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bio website berkeley.academia.edu/…
location Berkeley, CA
age 24
visits member for 2 years, 11 months
seen Apr 11 at 20:14

Currently a graduate student in mathematics at the University of California - Berkeley.

Previously obtained a MASt. in Applied Mathematics from the University of Cambridge (2013), and a B.S. in Mathematics and a B.A. in Physics from the University of Chicago (2012).


Sep
12
comment Derivation of the Polyakov Action
I like this, but this method doesn't really convince me that putting in another auxiliary field is the way to go. Let's say in QFT we want a theory with a complex scalar field with a $U(1)$ symmetry. Of course, we could always introduce other fields into the theory, but that's not what one usually does unless you wanted the extra fields to begin with. And even if you decide that introducing a new field is the way to go, why stop at one? Surely we could add two new fields that respected all the symmetries we wanted . . .
Sep
12
revised Derivation of the Polyakov Action
added 78 characters in body
Sep
12
asked Derivation of the Polyakov Action
Sep
6
revised Fine-Tuning, the Hiearchy Problem, and Mass in the Standard Model
edited body
Sep
4
asked Symmetry Breaking and Vacuum Expectation Values
Sep
3
revised A rock connected to one end of string in circular motion gets released.. and what happens?
added 156 characters in body
Sep
3
accepted Divergence of One and Two Graviton Exchanges
Sep
3
comment Divergence of One and Two Graviton Exchanges
One last question, and then I think I got it. How do we determine the kinetic term for $h_{\mu \nu}$? (I ask because this will allow me to determine the appropriate dimensions of a spin $2$ field, and hence the appropriate dimensions of the coupling constant.)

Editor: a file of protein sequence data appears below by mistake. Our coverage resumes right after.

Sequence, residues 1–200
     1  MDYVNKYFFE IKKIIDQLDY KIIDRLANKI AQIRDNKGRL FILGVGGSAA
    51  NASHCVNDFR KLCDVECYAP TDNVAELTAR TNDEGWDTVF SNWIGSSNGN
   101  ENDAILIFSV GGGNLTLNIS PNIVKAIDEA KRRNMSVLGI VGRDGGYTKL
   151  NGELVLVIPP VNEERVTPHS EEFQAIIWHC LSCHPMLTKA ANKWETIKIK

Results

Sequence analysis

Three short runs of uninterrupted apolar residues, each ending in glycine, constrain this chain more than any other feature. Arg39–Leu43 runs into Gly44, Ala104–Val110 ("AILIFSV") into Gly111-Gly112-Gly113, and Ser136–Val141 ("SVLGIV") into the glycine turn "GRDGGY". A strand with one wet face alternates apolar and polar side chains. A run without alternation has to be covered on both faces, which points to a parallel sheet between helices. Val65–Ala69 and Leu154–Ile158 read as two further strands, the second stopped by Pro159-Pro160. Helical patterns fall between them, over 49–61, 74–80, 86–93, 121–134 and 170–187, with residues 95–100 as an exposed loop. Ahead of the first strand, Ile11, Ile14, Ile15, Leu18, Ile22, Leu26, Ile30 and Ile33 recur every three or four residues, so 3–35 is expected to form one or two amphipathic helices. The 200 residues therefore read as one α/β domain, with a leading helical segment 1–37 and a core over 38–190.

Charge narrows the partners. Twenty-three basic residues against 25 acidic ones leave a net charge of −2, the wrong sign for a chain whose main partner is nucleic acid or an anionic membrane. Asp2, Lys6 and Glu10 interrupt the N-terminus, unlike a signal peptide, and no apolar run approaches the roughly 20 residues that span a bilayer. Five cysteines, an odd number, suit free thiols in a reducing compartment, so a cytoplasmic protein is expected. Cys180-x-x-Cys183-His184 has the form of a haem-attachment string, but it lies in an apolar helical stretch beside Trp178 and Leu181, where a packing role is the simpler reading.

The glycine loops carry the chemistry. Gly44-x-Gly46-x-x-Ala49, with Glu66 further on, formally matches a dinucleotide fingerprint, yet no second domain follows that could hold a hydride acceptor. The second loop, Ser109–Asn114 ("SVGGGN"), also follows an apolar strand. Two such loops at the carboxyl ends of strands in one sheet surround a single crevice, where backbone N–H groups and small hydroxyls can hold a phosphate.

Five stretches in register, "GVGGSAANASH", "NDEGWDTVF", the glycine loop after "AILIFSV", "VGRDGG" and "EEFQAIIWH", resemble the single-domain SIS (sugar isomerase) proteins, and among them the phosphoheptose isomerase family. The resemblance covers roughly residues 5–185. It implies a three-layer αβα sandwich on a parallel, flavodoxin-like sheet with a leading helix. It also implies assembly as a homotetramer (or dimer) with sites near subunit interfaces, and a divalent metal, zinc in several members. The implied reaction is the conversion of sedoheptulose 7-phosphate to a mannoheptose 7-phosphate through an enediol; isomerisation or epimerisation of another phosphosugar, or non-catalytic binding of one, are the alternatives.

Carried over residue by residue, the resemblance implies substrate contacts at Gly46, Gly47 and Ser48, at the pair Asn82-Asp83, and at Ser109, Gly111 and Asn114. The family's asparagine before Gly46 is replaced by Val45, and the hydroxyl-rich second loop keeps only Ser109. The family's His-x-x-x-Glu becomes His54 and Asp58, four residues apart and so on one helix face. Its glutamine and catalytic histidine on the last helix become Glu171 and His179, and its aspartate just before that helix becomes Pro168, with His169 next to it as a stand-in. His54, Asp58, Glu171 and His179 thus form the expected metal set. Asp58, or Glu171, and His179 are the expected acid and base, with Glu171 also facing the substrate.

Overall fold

Sep
3
answered A rock connected to one end of string in circular motion gets released.. and what happens?
Sep
2
comment Divergence of One and Two Graviton Exchanges
Are you assuming that the particle is a scalar, so that the interaction is of the form $\partial ^\mu \phi \partial ^\nu \phi g_{\mu \nu}$? This is the only way I could see you getting momenta coming into what appears to be your vertex factors. But if my dimensional analysis is correct, $[\partial ^\mu \phi \partial ^\nu \phi g_{\mu \nu}]=L^{-4}$, so that the corresponding coupling constant would be dimension-less, and in particular, could not be proportional to $1/M_P$. What's going on?
Sep
2
revised Divergence of One and Two Graviton Exchanges
deleted 1 characters in body
Sep
1
comment Vacuum Expectation Value and the Minima of the Potential
. . . In practice, you do this by writing the Lagrangian in terms of $\phi :=\phi _0-v$, where $v$ is some minimum of the potential and $\phi _0$ is the original field. My question could then be equivalently phrased as "Why does this guarantee that $\langle 0|\phi (x)|0\rangle =0$?".
Sep
1
comment Vacuum Expectation Value and the Minima of the Potential
@MichaelBrown Indeed, I was under the impression that you had to have this as a re-normalization condition in order to apply LSZ (that is, a hypothesis require for the LSZ Reduction Formula to hold was that $\langle 0|\phi (x)|0\rangle =0$). In fact, I thought this was the entire idea behind the symmetry breaking: you must re-write your Lagrangian in terms of the re-normalized field (with vanishing VEV), and if the bare field had a non-vanishing VEV, this will 'break' the symmetry . . .
Sep
1
comment Vacuum Expectation Value and the Minima of the Potential
So then what is the proof of this leading-order approximation?
Sep
1
asked Divergence of One and Two Graviton Exchanges
Aug
31
asked Vacuum Expectation Value and the Minima of the Potential
Aug
31
revised The vacuum in quantum field theories: what is it?
Expanded the question
Aug
31
revised The vacuum in quantum field theories: what is it?
Expanded the question
Aug
31
asked The vacuum in quantum field theories: what is it?
Aug
29
comment Fine-Tuning, the Hiearchy Problem, and Mass in the Standard Model
@DavidZ You mean the next paragraph in my question? No, that was written by me, included for the purposes of clarifying just what I mean by mass (and what I mean by "my understanding of mass") in this context (as opposed to, for example, just some coefficient in the Lagrangian).